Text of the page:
City/county health department merger discussed
By William K. Alcorn
The idea of consolidating the Youngstown City and Mahoning County public health departments is still alive, but unlikely to happen any time soon.
Youngstown Mayor Charles Sammarone, who did not attend Tuesday’s meeting of the joint consolidation planning committee, is “very much in favor of moving forward,” said Anthony Farris, the city’s law director.
Mahoning County Commissioner Carol Rimedio-Righetti described the meeting as a start toward serious discussions about how the Youngstown City Health District and the Mahoning County District Board of Health can share services.
Now, she said, the health commissioners and their department heads and board members need to brainstorm about how it could be accomplished.
“I joined the city health board so Youngstown residents could get the services they need,” said Artis Gillam Sr. He said he is concerned that Youngstown would be neglected if the departments consolidate.
Patricia Sweeney, county health commissioner, said though the conversation has centered on consolidation, there are other ways for the two departments to share providing services. These can be looked at more quickly than consolidation can occur, she said.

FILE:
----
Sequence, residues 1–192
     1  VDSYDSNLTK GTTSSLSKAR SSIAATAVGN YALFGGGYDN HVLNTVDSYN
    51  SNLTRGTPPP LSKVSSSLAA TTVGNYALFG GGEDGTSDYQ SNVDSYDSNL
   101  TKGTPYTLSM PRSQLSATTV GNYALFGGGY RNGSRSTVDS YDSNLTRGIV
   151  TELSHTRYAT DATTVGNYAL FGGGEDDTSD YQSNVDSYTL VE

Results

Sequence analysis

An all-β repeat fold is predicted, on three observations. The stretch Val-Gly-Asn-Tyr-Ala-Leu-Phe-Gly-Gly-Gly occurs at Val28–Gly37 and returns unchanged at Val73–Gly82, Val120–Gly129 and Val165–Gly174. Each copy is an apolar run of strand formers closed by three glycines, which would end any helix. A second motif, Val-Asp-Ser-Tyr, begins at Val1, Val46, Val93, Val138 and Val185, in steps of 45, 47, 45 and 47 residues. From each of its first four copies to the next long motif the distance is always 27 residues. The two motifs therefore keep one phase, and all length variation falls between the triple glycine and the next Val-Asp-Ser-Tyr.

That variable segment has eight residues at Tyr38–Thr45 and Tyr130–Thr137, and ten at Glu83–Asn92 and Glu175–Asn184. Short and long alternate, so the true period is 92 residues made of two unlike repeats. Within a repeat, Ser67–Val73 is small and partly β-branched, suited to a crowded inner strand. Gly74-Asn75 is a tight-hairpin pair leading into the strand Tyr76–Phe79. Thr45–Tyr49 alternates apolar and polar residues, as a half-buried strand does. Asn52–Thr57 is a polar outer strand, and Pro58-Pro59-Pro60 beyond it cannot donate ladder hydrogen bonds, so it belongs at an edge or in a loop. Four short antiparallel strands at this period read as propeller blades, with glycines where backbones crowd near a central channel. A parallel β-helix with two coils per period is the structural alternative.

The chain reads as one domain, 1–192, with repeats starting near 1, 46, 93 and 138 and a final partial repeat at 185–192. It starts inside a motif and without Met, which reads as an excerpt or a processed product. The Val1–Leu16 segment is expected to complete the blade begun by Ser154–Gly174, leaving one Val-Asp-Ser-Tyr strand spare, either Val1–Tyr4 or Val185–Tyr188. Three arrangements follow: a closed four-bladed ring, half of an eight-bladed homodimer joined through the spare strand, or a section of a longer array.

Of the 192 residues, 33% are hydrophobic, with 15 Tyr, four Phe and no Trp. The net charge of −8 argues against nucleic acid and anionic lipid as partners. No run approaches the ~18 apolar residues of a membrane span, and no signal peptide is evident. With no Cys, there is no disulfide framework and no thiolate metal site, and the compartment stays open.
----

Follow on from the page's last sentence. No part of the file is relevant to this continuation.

The bottom line, said both city and township representatives who receive public health services from the county health board, is will one end up financially supporting the other?
The person with answers to some of the questions raised at the meeting was Gene Nixon, Summit County public health commissioner, who led the recent merger of the Akron city, Barberton and Summit County health departments.
Nixon said the questions raised at Tuesday’s meeting were many of the same ones that came up during the Summit County merger process: How would the staffs be brought together with different job descriptions and pay scales, some unionized and some not; would there be layoffs; where would facilities be located.
But the basic question was will the Akron city money stay in Akron and will the other political subdivisions’ money stay at home, Nixon said.
He said he was not selling consolidation; that should be a local decision.
But he did warn that it is a long, complicated, frustrating process, and acknowledged that while it has turned out well and has proved to reduce costs and improve efficiency in Summit County, there were times during the process when he thought it would not happen.
Based on that experience, Nixon made several recommendations if the two local health departments decide to go forward with consolidation.
Among them are that both health boards have to support it, and it is important to have a “champion,” a community leader with integrity and clout to lead the way and provide confidence in the process.
Finally, Nixon said, the fundamental question of “why?” has to be answered: Is it a good idea for the community? Would merging enhance efficiency and increase the capacity to provide services?